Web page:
Created By: Skrim on October 13, 2009
Everyone knows that Power Floats. And everyone knows that Cool Tanks are power incarnate. So what happens when you make a Cool Tank float? You get a Hover Tank of course! Often powered by Applied Phlebotinum, Hover Tanks are for when you really want a Rule of Cool-driven war machine. They usually hover inexplicably only a few feet off the ground, often bobbing slightly. They would be utterly impractical in reality, as they would need to expend fuel just to stay up, and yet wouldn't fly high enough to clear most terrain obstacles. The amount of armor and equipment they could carry would also be severely limited due to weight constraints. Of course, all that doesn't matter in fiction. In strategy games, they may be portrayed as being faster and more maneuverable than their land-bound counterparts(if present), but more fragile. They are usually amphibious as well and can travel over water at full speed. Note that real-world Hovercraft would not quite count under this trope - while most fictional hover-vehicles use Phlebotinum Drive(usually labeled as "anti-gravity" or "repulsor"), real-world hovercraft ride on a mundane air cushion and are propelled by oversized garden fans. They barely lift off the ground at all, and have a difficult time operating on non-flat terrain. The closest Real Life equivalent to a hover tank would be the PACVs from the Vietnam War. You'll rarely find this conventional form of hover-propulsion in fiction though. Contrast with the Spider Tank, for cases in which the conventional treads have been traded in for legs instead of a floating propulsion. See also: Cool Tank. Examples:
- Any 'repulsorlift' driven vehicle from the Star Wars franchise, such as the Trade Federation's AATs.
- The Hoverdynes from Ground Control, which are faster but frailer than conventional tracked Terradynes.
- "Hover" propulsion from Warzone 2100. Another Fragile Speedster example.
- Hovercrafts are amphibious Lightning Bruisers in Sid Meierís Alpha Centauri, but their high cost makes them nearly Awesome, but Impractical.
- The Eldar Falcon and Tau Hammerhead and their offshoots from Warhammer40000 are anti-gravity based hover tanks.
- The Landmaster from Star Fox 64 and Super Smash Bros. Brawl, which can hover for short periods of time.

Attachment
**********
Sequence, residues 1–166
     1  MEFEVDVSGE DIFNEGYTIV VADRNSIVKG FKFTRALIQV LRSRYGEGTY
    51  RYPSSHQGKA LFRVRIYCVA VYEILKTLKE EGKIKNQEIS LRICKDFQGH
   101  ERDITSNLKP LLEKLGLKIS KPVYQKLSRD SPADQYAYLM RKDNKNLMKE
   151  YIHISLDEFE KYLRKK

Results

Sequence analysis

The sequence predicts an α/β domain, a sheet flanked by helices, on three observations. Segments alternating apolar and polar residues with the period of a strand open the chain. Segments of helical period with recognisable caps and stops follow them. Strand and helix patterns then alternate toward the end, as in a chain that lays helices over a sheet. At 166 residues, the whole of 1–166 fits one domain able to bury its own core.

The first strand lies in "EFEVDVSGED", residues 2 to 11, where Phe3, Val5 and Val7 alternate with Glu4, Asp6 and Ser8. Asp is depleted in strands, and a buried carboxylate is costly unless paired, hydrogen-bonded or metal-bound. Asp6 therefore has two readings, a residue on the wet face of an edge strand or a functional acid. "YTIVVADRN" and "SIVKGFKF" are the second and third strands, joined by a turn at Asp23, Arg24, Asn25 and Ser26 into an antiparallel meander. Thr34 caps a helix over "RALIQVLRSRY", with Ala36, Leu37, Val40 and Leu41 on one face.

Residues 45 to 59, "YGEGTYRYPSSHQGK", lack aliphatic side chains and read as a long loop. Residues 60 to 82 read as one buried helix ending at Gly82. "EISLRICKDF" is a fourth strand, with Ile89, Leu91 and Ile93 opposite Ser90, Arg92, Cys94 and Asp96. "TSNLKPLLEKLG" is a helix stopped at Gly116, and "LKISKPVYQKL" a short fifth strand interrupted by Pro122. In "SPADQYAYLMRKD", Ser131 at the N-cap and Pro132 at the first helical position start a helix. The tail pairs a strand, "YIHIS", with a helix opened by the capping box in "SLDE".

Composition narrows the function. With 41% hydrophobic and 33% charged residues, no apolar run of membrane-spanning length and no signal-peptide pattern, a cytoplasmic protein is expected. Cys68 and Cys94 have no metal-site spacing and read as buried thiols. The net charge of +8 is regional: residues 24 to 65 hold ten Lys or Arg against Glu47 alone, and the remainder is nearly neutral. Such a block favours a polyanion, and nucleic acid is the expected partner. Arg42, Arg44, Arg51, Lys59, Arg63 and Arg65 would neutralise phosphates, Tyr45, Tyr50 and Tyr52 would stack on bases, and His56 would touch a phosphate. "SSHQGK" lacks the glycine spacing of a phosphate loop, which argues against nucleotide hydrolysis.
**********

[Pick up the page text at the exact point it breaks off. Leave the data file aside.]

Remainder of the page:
- David Drake's Hammer's Slammers series of short stories features fusion-powered hover tanks.
- The PAC from Battlefield2142 had hover tanks.
- The Neosapien Hovertanks from Exosquad. They were built specifically to defend Phaeton City against Exofleet but fortunately for the latter, La Resistance managed to capture the factory where they were produced and used them against Neosapiens themselves.
- The hovercraft from BattleTech, which are unique in that they actually use air-cushion based lift, like real-world hovercraft.
- In Command & Conquer: Tiberian Sun the Global Defense Initiative got hovering MLRSes. They were fast and able to easily traverse terrain, including skimming over water, but had light armor and were grounded during Ion Storms. And in the next game... GDI went back to treads.
- In another of Westwood's games, Emperor: Battle for Dune, House Ordos got kickass hovering tanks with laser cannons and force fields, making them fast, hard-hitting, and surprisingly tough(unless a laser-armed enemy hit their force field).
- The N64 game Battle Tanx had hover tanks called Hover Tanks, which were basically Abrams with turbines and a flat bottom. Though a bit squirrely to control, they could strafe sideways while firing, float over mines without problems, and pick up an impressive amount of speed for ramming other players.
- The Covenant's Ghost and Wraith from Halo.
- The basis of the Tabletop Game, ''Grav Armor''.
- Also common in ''Renegade Legion''.
- The Sony Online Entertainment game Tanarus has (or at least had) a hovertank in it, similar to the one from Battlefield2142 (fast, maneuverable, packed a decent punch, but no traversable gun turret).
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